MS patients lacking oligoclonal bands in the cerebrospinal fluid have less global and regional brain atrophy

Diagnosis, monitoring and biomarkers:
Detection of oligoclonal immunoglobulin G bands (OCB) in the cerebrospinal fluid (CSF) is one of the most sensitive biomarkers for diagnosing multiple sclerosis (MS). Due to the complexity and heterogeneity of MS, multivariate methods were applied in this study to be able to observe patterns of regional atrophy, which can discriminate between the OCB groups. A detailed analysis of global brain measures was also conducted.

Based on previous studies, the prior hypothesis was that OCB presence in CSF would be associated with a more severe MRI phenotype, manifesting greater vulnerability of the deep gray and white matter structures but not cortical or juxtacortical regions. Twenty-eight OCB-negative and thirty-five OCB-positive patients were included. Clinical information was recorded using the Swedish Multiple Sclerosis Registry (SMSReg). OCB status was determined by isoelectric focusing and IgG-specific Immunofixation.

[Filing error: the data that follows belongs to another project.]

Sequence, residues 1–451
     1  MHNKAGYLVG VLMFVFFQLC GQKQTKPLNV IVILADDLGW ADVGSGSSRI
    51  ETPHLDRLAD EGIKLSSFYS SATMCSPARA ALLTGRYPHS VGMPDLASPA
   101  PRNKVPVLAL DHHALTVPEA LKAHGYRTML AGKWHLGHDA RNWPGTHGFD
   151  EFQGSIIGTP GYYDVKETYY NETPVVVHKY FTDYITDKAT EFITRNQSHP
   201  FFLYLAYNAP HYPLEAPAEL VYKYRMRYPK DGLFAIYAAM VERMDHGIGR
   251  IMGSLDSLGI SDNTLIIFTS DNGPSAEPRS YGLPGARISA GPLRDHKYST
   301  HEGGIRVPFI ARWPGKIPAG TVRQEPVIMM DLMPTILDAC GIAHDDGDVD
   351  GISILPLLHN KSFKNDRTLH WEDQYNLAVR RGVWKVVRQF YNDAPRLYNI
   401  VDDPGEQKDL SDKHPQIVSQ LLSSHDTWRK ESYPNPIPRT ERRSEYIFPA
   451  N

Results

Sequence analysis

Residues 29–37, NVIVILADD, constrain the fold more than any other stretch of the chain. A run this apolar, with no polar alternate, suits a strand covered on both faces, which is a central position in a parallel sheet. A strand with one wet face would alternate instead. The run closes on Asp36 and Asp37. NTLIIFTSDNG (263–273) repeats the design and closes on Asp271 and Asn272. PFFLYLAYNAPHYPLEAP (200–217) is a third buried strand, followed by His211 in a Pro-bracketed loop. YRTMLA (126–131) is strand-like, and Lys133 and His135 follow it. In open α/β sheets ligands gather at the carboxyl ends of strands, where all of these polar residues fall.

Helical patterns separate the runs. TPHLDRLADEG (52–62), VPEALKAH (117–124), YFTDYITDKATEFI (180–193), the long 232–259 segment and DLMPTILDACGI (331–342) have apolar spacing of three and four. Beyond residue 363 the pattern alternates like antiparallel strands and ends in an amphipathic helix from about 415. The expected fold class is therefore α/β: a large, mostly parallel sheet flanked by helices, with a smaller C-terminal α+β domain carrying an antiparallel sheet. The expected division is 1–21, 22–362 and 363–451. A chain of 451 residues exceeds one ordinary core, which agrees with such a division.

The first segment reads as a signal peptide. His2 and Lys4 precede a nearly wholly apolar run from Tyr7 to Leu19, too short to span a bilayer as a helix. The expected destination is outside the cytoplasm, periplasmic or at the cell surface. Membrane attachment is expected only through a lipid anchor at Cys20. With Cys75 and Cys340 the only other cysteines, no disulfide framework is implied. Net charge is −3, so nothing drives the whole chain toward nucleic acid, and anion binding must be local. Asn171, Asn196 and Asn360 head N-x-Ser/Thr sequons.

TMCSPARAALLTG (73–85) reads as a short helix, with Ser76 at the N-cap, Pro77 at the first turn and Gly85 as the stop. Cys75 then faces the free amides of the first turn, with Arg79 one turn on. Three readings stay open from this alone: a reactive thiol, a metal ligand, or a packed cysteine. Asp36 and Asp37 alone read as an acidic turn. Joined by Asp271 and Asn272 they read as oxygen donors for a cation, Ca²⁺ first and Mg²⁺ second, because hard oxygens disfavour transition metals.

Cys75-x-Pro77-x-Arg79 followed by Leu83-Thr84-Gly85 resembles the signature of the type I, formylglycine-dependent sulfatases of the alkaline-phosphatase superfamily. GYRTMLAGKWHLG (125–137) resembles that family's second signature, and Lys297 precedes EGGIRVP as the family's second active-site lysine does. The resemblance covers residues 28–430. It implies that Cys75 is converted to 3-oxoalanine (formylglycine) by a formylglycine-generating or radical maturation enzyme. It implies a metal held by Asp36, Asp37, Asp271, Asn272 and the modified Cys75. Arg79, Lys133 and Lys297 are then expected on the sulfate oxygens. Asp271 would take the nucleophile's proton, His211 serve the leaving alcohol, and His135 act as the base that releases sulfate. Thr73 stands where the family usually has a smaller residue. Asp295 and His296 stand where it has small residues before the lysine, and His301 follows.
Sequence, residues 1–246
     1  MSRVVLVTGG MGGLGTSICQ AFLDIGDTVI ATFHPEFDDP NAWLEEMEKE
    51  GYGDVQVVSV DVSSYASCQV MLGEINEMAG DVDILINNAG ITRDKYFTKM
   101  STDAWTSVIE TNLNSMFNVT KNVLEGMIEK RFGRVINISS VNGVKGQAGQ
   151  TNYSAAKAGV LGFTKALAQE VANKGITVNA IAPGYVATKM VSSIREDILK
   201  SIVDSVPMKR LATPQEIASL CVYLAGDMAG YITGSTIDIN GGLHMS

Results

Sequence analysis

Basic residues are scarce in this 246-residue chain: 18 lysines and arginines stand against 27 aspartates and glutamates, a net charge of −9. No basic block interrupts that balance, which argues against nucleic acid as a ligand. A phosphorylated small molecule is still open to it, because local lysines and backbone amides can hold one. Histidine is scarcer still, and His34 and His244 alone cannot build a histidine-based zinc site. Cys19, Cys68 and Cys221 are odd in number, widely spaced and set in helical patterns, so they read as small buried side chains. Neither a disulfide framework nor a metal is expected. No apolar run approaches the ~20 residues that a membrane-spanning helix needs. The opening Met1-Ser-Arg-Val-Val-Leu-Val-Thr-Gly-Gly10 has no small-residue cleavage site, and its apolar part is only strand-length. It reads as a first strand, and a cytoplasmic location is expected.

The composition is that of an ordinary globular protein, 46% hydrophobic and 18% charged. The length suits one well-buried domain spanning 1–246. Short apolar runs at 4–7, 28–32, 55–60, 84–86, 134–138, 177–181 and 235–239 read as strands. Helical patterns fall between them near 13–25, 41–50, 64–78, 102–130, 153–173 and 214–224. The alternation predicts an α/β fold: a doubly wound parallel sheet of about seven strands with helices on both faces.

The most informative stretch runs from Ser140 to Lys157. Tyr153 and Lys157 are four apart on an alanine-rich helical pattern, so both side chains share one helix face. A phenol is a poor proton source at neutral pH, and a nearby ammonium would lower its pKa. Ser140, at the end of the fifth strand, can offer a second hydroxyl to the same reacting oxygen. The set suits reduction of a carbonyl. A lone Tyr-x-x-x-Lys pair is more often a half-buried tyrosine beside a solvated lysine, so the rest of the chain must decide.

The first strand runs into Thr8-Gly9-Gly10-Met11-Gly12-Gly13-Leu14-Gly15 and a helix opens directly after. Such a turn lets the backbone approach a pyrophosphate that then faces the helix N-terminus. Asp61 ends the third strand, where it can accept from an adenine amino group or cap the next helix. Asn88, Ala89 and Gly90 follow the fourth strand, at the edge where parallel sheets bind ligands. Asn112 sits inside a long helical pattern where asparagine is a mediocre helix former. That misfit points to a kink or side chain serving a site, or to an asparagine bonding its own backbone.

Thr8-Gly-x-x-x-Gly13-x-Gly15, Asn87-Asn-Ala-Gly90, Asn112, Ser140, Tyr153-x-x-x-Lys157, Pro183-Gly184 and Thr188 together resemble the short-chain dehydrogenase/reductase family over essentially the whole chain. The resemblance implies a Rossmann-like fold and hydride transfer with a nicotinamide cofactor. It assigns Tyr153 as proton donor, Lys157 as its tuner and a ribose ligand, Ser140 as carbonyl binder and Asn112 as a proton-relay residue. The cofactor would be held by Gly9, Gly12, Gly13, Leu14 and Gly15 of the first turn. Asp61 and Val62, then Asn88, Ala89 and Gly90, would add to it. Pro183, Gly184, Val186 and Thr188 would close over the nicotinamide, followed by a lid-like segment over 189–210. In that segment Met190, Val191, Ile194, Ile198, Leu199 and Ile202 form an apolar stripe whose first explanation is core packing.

All patients were scanned in the same 1.5 T Siemens MR machine. Cortical reconstruction and volumetric segmentation was performed using the FreeSurfer 5.1.0 image analysis suite. The brain volume (BV) was calculated by adding up the total gray matter (GM) and total white matter (WM) volumes. As MS progresses, the brain volume tends to decline while CSF increases. Therefore, lower BV/CSF index values represent greater brain shrinkage. The two OCB groups did not differ in age, gender, disease course, and disability (EDSS). However, OCB-positive patients had a lower age of onset and consequently longer disease duration and treatment duration.

Significant variables were entered as covariates in the corresponding statistical analyses. OCB-positive patients showed greater global brain atrophy as measured by the BV/CSF index. In particular, OCB-positive patients had decreased total WM volume and increased total CSF volume, but they did not differ from OCB-negative patients in total GM volume. Although OCB groups did not differ in the total GM volume, regional analyses showed that basal ganglia, diencephalon, cerebellum, and hippocampus were significantly important in OCB group separation, displaying more volume loss in the OCB-positive group. Regarding the total amount of WM lesions, OCB-positive patients had increased volume of lesions, in alignment with previous studies.

Authors: Ferreira D, Voevodskaya O
Source: J Neuroimmunol. 2014 Jun 26. pii: S0165-5728(14)00181-7. doi: 10.1016/j.jneuroim.2014.06.010. [Epub ahead of print]
Read the abstract


Latest MS research news

Main MS research areas

Challenges of MS research

Atacicept in multiple sclerosis: a randomised, placebo-controlled, double-blind, phase 2 trial